GOOD GOLFERS. BETTER PEOPLE.
At The First Tee, we don’t just teach golf, we teach life skills — and we have the research and results to back it up. After three years in the program, youth at The First Tee chapters reported through independent research¹:
- 73% reported high confidence in their ability to do well academically.
- 82% felt confident in their social skills with peers.
- 52% credited the program for their ability to appreciate diversity.
WHAT OUR TEEN & ALUMNI SAY
Further research² shows The First Tee’s youth development program has a lasting impact, creating better citizens and lifelong golfers in the process.
Better Citizens — 91% of alumni engaged in community service while in The First Tee and 72% continued after their time in the program ended. These numbers are significant compared to the 22% of the US citizens between ages 16 and 24 participating in community service³.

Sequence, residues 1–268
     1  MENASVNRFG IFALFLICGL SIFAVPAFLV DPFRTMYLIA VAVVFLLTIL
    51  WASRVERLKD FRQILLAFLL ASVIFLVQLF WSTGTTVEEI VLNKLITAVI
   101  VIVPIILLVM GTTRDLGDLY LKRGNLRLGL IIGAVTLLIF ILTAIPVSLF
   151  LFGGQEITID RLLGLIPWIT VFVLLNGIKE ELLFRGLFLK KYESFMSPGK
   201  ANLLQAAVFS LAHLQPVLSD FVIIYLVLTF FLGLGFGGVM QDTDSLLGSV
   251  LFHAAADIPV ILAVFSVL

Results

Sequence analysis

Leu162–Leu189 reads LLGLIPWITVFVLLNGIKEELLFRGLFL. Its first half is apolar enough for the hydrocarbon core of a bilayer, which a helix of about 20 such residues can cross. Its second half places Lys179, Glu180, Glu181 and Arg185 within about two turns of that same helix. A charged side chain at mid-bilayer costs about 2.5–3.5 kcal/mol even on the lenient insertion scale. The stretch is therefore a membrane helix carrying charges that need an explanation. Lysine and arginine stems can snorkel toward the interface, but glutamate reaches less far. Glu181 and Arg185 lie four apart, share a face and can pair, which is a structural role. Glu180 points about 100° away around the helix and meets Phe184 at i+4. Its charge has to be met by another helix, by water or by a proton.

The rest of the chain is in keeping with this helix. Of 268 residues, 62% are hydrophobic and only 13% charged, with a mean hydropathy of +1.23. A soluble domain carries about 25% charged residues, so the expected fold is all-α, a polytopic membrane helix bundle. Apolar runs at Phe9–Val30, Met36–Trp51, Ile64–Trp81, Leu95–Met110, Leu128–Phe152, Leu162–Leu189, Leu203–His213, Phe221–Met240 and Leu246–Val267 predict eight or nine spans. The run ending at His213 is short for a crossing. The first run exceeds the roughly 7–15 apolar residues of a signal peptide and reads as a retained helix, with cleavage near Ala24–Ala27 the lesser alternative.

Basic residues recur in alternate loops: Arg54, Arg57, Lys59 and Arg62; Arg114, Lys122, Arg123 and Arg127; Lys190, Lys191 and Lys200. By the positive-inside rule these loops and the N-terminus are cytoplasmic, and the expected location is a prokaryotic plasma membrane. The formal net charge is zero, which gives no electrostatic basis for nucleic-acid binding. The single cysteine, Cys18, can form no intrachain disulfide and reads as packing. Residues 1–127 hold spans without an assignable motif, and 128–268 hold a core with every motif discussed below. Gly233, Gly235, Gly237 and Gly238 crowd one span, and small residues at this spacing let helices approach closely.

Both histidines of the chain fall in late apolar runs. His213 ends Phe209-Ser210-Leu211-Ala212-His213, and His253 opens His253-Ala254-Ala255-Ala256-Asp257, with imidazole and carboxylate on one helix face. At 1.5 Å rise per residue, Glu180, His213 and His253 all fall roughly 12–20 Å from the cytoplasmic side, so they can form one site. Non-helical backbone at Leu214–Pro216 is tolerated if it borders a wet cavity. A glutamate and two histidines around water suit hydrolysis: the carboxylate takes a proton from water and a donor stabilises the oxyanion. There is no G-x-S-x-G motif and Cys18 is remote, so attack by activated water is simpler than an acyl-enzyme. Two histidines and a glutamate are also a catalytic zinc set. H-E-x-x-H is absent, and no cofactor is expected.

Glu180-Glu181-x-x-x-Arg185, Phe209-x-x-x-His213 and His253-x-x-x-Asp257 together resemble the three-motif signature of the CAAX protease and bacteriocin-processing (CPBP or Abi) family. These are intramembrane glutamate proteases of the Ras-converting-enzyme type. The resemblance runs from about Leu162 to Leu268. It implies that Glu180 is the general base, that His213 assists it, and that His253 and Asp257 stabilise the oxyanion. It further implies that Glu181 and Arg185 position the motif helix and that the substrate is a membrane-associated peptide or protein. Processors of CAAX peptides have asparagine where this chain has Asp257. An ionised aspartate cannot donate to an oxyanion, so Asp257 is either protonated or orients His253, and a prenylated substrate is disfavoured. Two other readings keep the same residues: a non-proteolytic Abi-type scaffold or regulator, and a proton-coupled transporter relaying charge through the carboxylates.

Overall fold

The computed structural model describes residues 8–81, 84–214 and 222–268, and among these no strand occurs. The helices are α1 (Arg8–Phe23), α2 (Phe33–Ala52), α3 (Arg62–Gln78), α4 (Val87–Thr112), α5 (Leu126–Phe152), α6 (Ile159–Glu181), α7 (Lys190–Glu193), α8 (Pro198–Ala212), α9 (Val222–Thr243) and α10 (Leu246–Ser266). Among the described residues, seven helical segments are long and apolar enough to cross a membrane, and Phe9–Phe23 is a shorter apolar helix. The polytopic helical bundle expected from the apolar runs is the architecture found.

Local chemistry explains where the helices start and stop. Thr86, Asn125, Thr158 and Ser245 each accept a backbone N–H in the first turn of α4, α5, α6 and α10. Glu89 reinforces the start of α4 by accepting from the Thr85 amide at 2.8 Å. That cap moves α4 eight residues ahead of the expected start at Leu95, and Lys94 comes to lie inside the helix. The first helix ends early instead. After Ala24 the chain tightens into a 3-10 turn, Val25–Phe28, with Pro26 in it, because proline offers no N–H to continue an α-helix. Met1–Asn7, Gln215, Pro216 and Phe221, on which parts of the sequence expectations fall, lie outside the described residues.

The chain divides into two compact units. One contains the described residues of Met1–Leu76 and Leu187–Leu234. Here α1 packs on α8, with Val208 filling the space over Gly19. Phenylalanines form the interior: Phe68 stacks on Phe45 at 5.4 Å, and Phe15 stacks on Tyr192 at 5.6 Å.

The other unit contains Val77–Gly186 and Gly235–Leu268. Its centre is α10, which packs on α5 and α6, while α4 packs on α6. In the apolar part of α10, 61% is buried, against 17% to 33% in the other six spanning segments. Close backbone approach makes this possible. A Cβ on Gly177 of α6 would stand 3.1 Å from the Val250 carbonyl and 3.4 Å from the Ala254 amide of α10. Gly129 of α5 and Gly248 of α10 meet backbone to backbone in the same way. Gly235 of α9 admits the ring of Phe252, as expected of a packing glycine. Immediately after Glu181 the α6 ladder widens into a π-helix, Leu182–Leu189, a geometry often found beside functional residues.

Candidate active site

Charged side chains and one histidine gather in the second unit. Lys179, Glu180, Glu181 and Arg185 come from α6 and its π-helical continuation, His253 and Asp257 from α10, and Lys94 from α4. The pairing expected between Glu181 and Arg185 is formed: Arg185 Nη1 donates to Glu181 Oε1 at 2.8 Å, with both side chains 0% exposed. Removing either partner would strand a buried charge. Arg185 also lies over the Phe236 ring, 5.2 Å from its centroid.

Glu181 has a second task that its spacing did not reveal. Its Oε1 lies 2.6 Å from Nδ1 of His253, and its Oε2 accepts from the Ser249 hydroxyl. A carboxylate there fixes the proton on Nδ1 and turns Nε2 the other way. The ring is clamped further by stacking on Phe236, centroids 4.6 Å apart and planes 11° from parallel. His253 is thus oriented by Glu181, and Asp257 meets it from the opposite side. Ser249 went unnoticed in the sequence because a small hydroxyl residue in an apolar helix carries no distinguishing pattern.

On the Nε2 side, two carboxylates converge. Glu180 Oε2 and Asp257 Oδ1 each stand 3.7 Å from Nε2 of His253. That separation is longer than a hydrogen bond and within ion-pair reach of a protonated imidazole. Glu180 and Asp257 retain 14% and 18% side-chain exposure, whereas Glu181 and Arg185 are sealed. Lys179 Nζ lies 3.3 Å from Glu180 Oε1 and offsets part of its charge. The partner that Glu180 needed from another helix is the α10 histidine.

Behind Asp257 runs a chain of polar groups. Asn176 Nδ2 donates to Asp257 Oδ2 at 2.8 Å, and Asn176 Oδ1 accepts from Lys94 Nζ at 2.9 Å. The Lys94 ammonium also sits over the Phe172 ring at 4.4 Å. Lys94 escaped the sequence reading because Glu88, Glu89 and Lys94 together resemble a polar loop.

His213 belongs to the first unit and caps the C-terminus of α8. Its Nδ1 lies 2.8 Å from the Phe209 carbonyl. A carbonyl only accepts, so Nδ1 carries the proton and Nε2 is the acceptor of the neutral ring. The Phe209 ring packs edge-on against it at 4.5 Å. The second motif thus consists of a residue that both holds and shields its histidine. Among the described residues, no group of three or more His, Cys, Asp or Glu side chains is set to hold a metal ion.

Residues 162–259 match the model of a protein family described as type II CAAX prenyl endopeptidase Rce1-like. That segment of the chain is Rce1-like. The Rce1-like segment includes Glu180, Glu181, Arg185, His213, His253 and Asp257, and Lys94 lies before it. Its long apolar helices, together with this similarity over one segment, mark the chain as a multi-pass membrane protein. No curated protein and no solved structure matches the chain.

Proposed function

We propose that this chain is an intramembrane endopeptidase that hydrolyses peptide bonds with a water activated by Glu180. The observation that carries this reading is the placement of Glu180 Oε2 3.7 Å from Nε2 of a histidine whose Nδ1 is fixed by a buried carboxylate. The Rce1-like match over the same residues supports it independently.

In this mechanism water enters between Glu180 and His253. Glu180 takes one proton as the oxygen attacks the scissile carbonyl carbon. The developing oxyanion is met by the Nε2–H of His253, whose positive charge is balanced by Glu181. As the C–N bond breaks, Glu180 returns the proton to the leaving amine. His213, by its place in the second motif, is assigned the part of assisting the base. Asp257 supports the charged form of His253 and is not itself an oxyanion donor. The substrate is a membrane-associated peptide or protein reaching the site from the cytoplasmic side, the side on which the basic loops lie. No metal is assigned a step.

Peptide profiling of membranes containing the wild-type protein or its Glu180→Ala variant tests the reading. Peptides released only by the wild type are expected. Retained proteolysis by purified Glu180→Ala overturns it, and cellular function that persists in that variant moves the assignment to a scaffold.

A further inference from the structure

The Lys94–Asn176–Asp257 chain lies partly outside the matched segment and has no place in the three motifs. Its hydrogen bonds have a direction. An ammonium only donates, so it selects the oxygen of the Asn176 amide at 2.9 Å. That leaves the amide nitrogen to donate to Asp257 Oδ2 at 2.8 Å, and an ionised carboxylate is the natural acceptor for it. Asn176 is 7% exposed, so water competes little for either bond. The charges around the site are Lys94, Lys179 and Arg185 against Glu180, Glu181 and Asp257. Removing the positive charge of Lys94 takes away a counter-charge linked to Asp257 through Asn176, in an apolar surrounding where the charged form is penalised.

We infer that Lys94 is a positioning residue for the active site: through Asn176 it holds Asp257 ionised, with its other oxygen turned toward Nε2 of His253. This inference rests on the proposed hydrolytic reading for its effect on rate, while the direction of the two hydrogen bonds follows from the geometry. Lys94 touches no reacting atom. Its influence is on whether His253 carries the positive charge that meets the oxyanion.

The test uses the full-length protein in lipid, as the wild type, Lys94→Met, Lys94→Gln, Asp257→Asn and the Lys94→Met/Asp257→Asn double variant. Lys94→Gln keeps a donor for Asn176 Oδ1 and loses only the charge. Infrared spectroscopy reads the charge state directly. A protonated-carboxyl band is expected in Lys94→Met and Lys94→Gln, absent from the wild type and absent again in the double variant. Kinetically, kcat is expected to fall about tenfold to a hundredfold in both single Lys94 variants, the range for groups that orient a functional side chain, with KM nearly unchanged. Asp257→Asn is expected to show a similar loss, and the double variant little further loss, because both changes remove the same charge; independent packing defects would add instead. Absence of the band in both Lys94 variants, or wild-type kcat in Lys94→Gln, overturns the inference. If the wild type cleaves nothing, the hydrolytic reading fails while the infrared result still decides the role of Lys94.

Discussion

Lifelong Golfers — We’re happy to report 96% of teens in the program say their golf skills have improved, and we’re even prouder to say that 90% of our alumni consider themselves lifelong golfers.
Better Students — This is a big one: we have found more than 80% of teens and alumni say The First Tee helped them become a better student.
Prepared for life — Our program aims to get young people ready for life’s challenges, and teens and alumni report just that. The longer they stayed in the program, the more they reported an improvement of interpersonal skills, managing emotions, goal-setting, and resilience.
From Coaches to Mentors – Participants don’t go through the program alone. The power of mentorship is extremely important to us, and both teens and alumni said their relationship with their coaches grew stronger and more meaningful over time.
Read the complete Impact Report here: Impact-Report
¹ An independent, four-year, longitudinal research study led by University of Minnesota’s Maureen R. Weiss, Ph.D. Flip through the online version or download it as a PDF.
² “A Lasting Impact: The First Tee’s Role in Fostering Postive Youth Development,” 2015, Springfield College Center for Youth Development and Research
³ 2014 survey, U.S. Dept. of Labor: http://www.bls.gov/news.release/volun.nr0.htm